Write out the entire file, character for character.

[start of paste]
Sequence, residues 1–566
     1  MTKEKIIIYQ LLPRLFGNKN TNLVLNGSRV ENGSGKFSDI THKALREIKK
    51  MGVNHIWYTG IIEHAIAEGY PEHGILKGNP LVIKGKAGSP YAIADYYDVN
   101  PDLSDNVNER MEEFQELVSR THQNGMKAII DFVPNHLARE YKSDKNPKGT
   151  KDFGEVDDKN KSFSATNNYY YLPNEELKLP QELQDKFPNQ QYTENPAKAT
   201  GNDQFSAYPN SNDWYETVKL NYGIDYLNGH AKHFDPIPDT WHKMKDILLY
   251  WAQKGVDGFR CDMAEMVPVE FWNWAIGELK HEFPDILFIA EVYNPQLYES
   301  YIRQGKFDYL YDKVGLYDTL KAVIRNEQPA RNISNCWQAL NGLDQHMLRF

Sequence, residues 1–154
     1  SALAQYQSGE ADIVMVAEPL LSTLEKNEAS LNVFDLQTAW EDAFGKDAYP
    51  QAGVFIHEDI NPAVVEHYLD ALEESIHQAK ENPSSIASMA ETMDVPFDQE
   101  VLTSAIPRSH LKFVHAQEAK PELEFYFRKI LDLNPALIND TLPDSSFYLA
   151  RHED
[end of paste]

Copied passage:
Sequence, residues 1–566
     1  MTKEKIIIYQ LLPRLFGNKN TNLVLNGSRV ENGSGKFSDI THKALREIKK
    51  MGVNHIWYTG IIEHAIAEGY PEHGILKGNP LVIKGKAGSP YAIADYYDVN
   101  PDLSDNVNER MEEFQELVSR THQNGMKAII DFVPNHLARE YKSDKNPKGT
   151  KDFGEVDDKN KSFSATNNYY YLPNEELKLP QELQDKFPNQ QYTENPAKAT
   201  GNDQFSAYPN SNDWYETVKL NYGIDYLNGH AKHFDPIPDT WHKMKDILLY
   251  WAQKGVDGFR CDMAEMVPVE FWNWAIGELK HEFPDILFIA EVYNPQLYES
   301  YIRQGKFDYL YDKVGLYDTL KAVIRNEQPA RNISNCWQAL NGLDQHMLRF

Sequence, residues 1–154
     1  SALAQYQSGE ADIVMVAEPL LSTLEKNEAS LNVFDLQTAW EDAFGKDAYP
    51  QAGVFIHEDI NPAVVEHYLD ALEESIHQAK ENPSSIASMA ETMDVPFDQE
   101  VLTSAIPRSH LKFVHAQEAK PELEFYFRKI LDLNPALIND TLPDSSFYLA
   151  RHED